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Differences in egg quality between wild striped trumpeter (Latris lineata) and captive striped trumpeter that were fed different diets
Morehead, D.T.; Hart, P.R.; Dunstan, G.A.; Brown, M.; Pankhurst, N.W. (2001). Differences in egg quality between wild striped trumpeter (Latris lineata) and captive striped trumpeter that were fed different diets. Aquaculture 192: 39-53
In: Aquaculture. Elsevier: Amsterdam; London; New York; Oxford; Tokyo. ISSN 0044-8486, more
Peer reviewed article  

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Keyword
    Marine

Authors  Top 
  • Morehead, D.T.
  • Hart, P.R.
  • Dunstan, G.A.
  • Brown, M.
  • Pankhurst, N.W.

Abstract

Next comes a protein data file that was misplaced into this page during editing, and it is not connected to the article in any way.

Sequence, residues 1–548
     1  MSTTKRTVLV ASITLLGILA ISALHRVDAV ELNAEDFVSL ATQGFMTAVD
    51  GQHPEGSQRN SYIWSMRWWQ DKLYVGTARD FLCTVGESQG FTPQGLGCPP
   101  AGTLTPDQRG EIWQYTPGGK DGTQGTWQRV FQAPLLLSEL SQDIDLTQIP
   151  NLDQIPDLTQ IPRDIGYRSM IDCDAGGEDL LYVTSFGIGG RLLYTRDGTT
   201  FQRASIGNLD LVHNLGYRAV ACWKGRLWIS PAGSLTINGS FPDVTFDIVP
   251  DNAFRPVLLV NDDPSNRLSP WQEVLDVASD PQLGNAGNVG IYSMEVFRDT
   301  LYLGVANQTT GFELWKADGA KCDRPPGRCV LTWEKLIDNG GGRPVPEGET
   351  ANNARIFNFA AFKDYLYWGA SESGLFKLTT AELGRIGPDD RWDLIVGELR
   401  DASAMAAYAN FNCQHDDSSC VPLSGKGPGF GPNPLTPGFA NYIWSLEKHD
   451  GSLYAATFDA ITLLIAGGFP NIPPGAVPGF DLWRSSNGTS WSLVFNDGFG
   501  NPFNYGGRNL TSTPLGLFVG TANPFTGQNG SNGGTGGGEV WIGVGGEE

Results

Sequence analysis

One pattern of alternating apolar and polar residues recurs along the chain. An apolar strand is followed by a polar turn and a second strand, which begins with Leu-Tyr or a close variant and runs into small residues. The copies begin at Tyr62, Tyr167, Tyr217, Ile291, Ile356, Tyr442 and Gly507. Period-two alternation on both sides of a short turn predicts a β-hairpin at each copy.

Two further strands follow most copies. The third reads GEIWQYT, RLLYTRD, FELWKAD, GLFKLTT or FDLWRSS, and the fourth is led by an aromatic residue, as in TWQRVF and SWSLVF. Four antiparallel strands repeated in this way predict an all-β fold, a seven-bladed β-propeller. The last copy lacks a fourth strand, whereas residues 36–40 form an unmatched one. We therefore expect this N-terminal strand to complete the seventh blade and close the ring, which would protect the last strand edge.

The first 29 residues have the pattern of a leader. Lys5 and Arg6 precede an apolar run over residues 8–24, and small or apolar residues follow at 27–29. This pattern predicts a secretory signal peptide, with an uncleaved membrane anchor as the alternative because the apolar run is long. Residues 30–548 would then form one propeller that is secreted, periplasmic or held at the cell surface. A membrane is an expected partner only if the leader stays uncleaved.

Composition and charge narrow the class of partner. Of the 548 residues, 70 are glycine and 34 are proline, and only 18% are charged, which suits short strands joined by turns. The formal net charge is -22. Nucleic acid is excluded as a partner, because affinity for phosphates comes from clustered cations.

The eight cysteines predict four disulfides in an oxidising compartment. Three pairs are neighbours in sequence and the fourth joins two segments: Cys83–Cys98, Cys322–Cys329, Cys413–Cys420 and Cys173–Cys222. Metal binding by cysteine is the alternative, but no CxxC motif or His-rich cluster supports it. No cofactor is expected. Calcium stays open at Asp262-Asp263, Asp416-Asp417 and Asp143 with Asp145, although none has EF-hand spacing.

This study assessed differences in egg quality between freshly caught striped trumpeter, Latris lineate, and captive striped trumpeter that were fed either chopped fish or commercial salmon pellets. Total lipid content of eggs did not differ between the three groups (average of 20% dry weight). The group fed chopped fish produced eggs with the greatest docosahexaenoic acid (DHA)/eicosapentaenoic acid (EPA) ratio (4:1) and, together with eggs collected from the wild group, contained the highest ratio of (n-3)/(n-6) polyunsaturated fatty acids (PUFAs) (9:1 and 8:1, respectively). Ascorbic acid levels in eggs from the pellet-fed group (75 g g-1 wet weight) were higher than eggs from the wild and chopped-fish groups (48 and 40 g g-1 wet weight, respectively), but there was no difference in -tocopherol content (average of 4.4 g g-1 wet weight). The volume of eggs produced, fertilisation rate and length of the larvae at hatch did not differ, but the pellet-fed group produced eggs of greater diameter, which corresponded to a larger yolk volume, and higher hatching success than the wild group. Each group of broodstock produced viable eggs and yolk-sac larvae, but the relatively low DHA/EPA and (n-3)/(n-6) ratios in the eggs from the pellet-fed fish suggest that this diet may be inferior, when compared to chopped fish, for sustained growth and survival.

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